Wood Floors for Bedrooms
Wood floors are a good investment in your home and can add beauty to any bedroom.
Hardwood floors add beauty and value to a home, and they can complement any style of bedroom. Whether you are choosing a floor for your master bedroom or a child's room, you'll have a wide array of products from which to choose.
Any type of floor covering will work in this area, since most people wipe their feet off on a mat before entering the house. "If it's a high-traffic house with several kids and pets, I'd be more concerned with scratching (the flooring) than moisture," Jennings says. "Hardwood's still a good look for many homes, as well as ceramic tiles."
The most private room in the house is still the domain of carpet, which dampens sound and feels softer underfoot than other floor coverings. "Carpet is textile for the floor," Jennings says. "The construction of the fiber itself dictates how it performs underfoot. Choosing plush pile versus Berber is a cosmetic choice. Someone older, who's more tentative on their feet, wants a firm feel underneath, so a harder finished carpet is best to avoid slippage." Image courtesy of Shaw Floors
While carpet is a popular choice for the bedroom, wood flooring, whether hardwood, engineered or laminate, can be a great alternative for a guest bedroom if you're looking to add style. Choose a warm color and a defined texture to up the coziness factor. Add a premium underlayment for maximum sound reduction. Image courtesy of Pergo
Water splashed from the tub or shower and the high humidity in this room require flooring that won't be affected by moisture. Laminates and hardwood floors, which absorb moisture, aren't recommended, but ceramic tile is a good choice. And if you use natural stone or marble, seal them with a protective coating. Image courtesy of Daltile
When watching television and movies or listening to music, the acoustics of a room are a factor. You don't want to disturb others in adjoining rooms, and at the same time you want to enjoy hearing what you're listening to. Carpet and cork are good choices where acoustics count. Avoid hardwood.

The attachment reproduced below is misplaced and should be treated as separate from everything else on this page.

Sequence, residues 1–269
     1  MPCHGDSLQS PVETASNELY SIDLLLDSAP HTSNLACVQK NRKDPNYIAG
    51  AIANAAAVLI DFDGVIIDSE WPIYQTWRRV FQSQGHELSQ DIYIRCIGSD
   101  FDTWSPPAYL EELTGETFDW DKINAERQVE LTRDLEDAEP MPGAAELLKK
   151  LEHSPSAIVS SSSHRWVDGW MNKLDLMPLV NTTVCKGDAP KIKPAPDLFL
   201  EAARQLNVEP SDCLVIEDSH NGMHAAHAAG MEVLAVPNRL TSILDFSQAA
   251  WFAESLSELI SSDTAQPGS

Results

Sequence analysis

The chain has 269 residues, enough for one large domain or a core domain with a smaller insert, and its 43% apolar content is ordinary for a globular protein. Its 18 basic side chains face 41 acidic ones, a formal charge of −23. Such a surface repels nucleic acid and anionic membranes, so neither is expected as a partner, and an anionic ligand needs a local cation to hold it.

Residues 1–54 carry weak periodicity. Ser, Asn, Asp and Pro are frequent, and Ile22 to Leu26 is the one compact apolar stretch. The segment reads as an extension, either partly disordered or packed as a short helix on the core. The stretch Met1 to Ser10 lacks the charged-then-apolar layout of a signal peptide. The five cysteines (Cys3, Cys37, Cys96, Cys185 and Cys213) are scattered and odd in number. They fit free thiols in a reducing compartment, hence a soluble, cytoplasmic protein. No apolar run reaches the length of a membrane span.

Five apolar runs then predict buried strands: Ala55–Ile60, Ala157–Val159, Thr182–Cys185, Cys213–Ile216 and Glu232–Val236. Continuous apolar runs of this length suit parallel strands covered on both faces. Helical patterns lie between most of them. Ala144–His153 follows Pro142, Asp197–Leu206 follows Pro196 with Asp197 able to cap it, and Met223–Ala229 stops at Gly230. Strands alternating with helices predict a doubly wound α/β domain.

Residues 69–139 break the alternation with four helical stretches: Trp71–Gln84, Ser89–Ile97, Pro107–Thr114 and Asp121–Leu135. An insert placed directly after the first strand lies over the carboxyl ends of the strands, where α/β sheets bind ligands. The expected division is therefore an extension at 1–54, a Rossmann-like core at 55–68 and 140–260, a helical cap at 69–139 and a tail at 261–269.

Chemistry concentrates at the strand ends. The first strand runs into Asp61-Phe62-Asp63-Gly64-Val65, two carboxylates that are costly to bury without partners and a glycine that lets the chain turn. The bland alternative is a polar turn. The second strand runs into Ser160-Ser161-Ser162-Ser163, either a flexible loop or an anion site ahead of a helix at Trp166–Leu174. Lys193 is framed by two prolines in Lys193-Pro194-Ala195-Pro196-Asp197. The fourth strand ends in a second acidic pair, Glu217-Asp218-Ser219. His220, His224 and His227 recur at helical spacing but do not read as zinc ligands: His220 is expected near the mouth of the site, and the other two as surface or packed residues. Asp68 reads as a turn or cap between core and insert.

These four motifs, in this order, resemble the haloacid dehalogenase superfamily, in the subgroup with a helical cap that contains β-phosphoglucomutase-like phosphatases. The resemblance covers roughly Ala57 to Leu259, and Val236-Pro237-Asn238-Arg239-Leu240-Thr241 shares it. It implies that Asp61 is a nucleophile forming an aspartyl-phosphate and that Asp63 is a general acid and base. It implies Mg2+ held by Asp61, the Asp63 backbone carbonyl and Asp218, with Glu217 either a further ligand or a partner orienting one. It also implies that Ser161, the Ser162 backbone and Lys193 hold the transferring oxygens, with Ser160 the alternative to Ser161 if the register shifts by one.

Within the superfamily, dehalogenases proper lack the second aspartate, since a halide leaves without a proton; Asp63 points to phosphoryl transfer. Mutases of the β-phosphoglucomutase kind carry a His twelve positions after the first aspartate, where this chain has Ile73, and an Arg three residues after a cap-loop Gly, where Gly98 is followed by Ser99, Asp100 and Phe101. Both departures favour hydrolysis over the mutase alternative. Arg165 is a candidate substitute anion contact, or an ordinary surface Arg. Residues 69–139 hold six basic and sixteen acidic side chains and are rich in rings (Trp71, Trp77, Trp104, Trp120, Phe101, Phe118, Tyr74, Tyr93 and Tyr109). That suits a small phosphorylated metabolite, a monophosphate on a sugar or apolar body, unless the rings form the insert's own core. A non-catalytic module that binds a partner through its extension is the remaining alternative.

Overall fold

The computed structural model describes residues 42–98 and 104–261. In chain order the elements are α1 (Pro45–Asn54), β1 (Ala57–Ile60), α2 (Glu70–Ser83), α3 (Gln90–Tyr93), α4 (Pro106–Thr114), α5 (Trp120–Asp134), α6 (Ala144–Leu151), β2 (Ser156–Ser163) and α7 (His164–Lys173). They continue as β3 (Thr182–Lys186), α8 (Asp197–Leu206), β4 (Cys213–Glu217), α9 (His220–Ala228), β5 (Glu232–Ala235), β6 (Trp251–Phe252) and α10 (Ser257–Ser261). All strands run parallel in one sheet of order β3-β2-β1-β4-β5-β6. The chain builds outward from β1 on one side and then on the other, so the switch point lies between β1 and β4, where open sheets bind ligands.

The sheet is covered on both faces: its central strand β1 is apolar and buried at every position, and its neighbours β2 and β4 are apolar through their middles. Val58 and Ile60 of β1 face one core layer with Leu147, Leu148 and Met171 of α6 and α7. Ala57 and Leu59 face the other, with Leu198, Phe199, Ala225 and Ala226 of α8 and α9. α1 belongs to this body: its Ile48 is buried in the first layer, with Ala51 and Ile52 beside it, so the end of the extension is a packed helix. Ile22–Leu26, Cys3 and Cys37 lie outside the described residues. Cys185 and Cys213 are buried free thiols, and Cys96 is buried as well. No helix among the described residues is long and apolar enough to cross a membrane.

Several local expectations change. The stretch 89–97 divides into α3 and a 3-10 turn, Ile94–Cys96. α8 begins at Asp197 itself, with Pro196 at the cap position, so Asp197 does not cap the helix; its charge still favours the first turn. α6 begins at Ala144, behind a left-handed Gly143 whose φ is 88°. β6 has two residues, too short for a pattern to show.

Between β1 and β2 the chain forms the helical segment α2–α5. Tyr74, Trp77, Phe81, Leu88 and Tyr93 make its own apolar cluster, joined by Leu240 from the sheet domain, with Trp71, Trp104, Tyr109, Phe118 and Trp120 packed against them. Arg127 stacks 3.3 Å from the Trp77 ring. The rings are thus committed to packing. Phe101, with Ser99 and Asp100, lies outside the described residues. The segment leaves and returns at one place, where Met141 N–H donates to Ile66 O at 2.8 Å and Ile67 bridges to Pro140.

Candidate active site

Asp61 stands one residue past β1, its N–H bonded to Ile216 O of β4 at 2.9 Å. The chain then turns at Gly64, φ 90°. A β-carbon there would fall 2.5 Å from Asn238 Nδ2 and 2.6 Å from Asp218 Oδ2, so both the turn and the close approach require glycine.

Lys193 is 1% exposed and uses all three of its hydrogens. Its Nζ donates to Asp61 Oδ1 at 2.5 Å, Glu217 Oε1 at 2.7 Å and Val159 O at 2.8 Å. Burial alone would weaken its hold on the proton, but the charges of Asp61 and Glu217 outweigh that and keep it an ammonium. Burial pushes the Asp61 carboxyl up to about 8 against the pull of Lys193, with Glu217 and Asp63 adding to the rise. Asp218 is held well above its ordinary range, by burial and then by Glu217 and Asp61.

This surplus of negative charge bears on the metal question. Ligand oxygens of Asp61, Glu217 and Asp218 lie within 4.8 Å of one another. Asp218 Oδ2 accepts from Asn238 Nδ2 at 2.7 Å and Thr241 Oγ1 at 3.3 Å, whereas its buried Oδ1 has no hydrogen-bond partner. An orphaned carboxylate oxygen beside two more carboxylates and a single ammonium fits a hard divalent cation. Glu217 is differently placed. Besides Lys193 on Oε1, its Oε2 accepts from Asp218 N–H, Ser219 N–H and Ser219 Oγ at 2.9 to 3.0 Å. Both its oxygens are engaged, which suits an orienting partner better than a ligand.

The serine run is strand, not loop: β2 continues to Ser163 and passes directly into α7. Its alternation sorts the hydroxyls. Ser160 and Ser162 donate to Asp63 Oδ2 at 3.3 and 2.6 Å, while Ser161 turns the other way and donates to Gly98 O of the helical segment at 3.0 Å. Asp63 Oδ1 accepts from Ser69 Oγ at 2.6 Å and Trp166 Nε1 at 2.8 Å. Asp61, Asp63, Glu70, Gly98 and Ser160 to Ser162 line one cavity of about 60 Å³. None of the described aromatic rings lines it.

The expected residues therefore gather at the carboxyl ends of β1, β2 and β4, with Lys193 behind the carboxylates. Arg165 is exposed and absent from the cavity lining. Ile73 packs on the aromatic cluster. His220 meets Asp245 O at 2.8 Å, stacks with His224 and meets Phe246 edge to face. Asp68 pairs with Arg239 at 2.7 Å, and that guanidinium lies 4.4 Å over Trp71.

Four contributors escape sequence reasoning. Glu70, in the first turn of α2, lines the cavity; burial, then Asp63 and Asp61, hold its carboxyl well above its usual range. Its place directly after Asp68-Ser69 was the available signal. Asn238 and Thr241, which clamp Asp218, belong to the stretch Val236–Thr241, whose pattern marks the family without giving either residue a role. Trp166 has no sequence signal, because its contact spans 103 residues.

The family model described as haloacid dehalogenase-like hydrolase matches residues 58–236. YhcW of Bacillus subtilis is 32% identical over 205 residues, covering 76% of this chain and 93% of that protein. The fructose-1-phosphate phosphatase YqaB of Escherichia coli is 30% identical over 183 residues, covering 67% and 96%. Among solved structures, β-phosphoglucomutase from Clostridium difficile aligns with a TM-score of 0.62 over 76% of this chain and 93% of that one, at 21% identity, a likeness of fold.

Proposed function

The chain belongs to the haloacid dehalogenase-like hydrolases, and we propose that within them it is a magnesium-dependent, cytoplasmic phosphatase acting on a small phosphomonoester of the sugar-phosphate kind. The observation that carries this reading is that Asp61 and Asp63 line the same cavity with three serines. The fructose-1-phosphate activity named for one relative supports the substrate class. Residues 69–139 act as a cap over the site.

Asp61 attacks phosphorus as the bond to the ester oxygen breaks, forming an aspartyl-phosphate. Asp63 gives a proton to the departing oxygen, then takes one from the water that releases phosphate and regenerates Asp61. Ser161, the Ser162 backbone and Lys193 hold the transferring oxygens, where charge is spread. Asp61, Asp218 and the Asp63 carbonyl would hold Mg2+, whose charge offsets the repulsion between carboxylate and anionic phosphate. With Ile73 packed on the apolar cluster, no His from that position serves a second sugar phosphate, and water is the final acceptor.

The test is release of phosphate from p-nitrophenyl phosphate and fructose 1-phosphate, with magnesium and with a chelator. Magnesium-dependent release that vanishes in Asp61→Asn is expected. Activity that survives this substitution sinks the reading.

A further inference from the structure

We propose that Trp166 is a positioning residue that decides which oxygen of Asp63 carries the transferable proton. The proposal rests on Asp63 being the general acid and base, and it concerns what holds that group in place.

Basement and Below Grade
Before installing any flooring option, make sure there are no moisture issues with the concrete slab. If there are, laminate and wood wouldn't be good choices, because they tend to absorb water. Resilient vinyl floors are often used in basements because vinyl is unaffected by moisture and is low maintenance. Engineered wood or laminate flooring, above a moisture barrier, will also work. If moisture isn't an issue, carpet will help keep the room warm.
Wood flooring and tile are popular choices for the kitchen, which may be affected by liquids hitting the floor during cooking, but Tom Jennings, technical adviser and former chairman of the World Floor Covering Association, recommends cork for those who cook a lot. "Cork has a similar finish to laminate but has resiliency, which matters if you're going to be on your feet a lot," he says. Cork is virtually nonabsorbent and moisture-proof, and it won't burn. It comes in many patterns, making for a unique look. Jennings says the problem with using ceramic tile in the kitchen is that it adds weight and thickness to the floor, which can cause clearance issues with the refrigerator or stove areas.
Hardwood floors are a good choice for a master bedroom suite; if you like, you can also lay the wood floor in your master bathroom for a unified look. In a child's room, hardwood provides both beauty and durability, withstanding high foot traffic, spills and the wheeled toys kids love to push across the floor. In a guest room, hardwood floors add a touch of luxury that will make your guests feel like they're staying at a bed-and-breakfast.
Wood floors come in many types. In addition to traditional woods such as oak, birch, cherry, walnut and maple, many homeowners are now choosing bamboo and eucalyptus for their durability, sustainability and affordability. While technically not a wood but a grass, bamboo cures to a hardness that rivals oak, and grows quickly, making it an environmentally sustainable product. Eucalyptus has the appearance of mahogany and is extremely durable, as much as 20 percent harder than some oak floors, while costing as little as half the price of traditional wood flooring.
If luxury is what you're after, consider koa wood, from Brazil. It's very durable as well as beautiful, but it's among the priciest woods available. Also known as tigerwood, koa is harder than oak and has a reddish-brown grain with dark brown markings.
Once you narrow down your wood choices, you'll need to decide whether you want to buy unfinished wood planks or wood that is factory finished. You can customize your stain and finish by purchasing unfinished flooring and having your installer apply the finish to your specifications. Factory-finished wood flooring is quicker to install because the sanding and finishing process has already been done.
Hardwood floors hold up well and do not need to be replaced as often as carpet. They may, however, need to be sanded, buffed and refinished, particularly in high traffic areas.
For the look of hardwood without the cost, you may want to consider a laminate floor. Laminate flooring is available in a wide range of finishes. It's fairly easy to install compared with other types of flooring, which makes installation a good do-it-yourself project if you have a tight budget. Laminate is easy to clean, but it cannot be refinished if you decide you want a different look. Ask your dealer for a chemical-free laminate in order to avoid formaldehyde and other toxins.
See Also: How to Buy Flooring
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